Here I will briefly mention the link between Buddhism, self (ego) and process philosophy. Buddhism doctrine embraces the idea of constant transformation in the universe, and claims that the root of the psychological suffering is the strife to desperately cling on to a fixed entity like self or ego when there is none. While in the west we tend to see the self as a firm locus directing our actions and giving us a sense of agency, eastern theology sees this self as an ever-changing entity, constantly in a process of becoming and self- transforming. Even David Hume, a prominent western philosopher, articulated this labile nature of the self: “For my part, when I enter most intimately into what I call myself, I always stumble on some particular perception or other, of heat or cold, light or shade, love or hatred, pain or pleasure. I never can catch myself at any time without a perception, and never can observe any thing but the perception”.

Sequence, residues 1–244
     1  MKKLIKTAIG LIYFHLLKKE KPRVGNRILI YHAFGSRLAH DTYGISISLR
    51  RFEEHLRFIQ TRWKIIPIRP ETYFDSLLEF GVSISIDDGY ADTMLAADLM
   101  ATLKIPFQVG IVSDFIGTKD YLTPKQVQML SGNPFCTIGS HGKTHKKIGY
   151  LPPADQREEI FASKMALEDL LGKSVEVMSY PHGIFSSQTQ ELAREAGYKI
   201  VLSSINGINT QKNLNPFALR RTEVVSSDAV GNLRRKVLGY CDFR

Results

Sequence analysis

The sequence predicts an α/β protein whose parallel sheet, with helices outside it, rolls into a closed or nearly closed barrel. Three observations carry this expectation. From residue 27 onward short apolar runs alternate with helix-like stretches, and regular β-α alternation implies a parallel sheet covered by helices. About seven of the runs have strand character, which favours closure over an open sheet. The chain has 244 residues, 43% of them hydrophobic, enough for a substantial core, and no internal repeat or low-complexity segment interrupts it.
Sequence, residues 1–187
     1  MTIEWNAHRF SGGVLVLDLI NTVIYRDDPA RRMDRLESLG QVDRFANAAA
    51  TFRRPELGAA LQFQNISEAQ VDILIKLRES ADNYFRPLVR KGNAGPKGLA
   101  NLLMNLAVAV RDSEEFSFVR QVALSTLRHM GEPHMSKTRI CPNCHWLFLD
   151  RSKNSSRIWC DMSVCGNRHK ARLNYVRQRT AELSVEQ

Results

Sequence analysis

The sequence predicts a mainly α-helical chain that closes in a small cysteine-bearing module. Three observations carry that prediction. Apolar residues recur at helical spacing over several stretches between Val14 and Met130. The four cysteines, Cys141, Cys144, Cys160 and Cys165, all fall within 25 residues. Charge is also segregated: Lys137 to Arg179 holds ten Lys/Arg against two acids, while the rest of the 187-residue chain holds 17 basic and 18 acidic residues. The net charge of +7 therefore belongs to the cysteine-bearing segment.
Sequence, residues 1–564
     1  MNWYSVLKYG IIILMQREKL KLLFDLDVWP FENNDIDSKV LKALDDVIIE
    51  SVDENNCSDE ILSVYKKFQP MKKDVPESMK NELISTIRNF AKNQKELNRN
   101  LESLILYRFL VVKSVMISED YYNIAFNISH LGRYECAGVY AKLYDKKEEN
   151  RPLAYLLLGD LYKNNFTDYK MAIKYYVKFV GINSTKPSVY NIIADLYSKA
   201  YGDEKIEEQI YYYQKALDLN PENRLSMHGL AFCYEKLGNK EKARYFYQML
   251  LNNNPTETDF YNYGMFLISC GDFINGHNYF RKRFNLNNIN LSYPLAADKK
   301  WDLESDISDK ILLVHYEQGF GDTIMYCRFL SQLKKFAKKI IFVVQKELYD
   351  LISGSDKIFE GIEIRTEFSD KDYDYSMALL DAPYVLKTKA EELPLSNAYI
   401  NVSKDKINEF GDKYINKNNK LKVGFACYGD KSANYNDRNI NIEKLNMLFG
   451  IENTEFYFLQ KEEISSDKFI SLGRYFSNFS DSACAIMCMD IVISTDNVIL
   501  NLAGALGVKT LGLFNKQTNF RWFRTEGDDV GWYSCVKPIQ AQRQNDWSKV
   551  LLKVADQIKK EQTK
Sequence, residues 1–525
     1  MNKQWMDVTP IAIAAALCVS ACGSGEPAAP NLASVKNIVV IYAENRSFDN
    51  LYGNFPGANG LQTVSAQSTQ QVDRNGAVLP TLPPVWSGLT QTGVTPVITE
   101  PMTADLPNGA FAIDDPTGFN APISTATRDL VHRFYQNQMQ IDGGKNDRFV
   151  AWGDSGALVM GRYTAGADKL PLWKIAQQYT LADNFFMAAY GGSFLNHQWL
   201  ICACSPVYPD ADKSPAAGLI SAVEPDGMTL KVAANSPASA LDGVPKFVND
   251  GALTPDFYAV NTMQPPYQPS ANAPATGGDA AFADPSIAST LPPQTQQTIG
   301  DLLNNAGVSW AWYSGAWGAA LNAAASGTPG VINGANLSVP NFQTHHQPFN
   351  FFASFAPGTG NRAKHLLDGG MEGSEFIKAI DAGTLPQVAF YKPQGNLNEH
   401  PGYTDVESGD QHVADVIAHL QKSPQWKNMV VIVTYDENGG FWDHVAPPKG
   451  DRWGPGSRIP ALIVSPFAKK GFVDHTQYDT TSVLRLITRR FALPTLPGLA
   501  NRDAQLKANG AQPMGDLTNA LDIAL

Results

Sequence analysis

For Henri Bergson, language was a burden to capture the flux of reality. The very nature of the language transforms the ever changing nature of reality into dead words and concepts. Then we confuse reality for the words. The very tool of communication we invented is a burden in understainding the true nature of reality, which is in a constant process of change. He put it beautifully here: ”We confuse the feeling itself, which is in a perpetual state of becoming, with it’s permanent external object, and especially the word which expresses this object… not only does language makes us believe in the unchangeableness of our sensations, but it will sometimes decieve us as to the nature of the sensation felt.” For Bergson, there is no possibility of two conscious states of mind that are identical to each other for the latter already involves the memory of the former- this induces the fundamental nature of temporality into the equation- as opposed to physics, irreversability of time is a fundamental aspect of life and mind. The time-bound developmental trajectory can create novelty that is not predicted by physical laws which does not differentiate between the past and the future.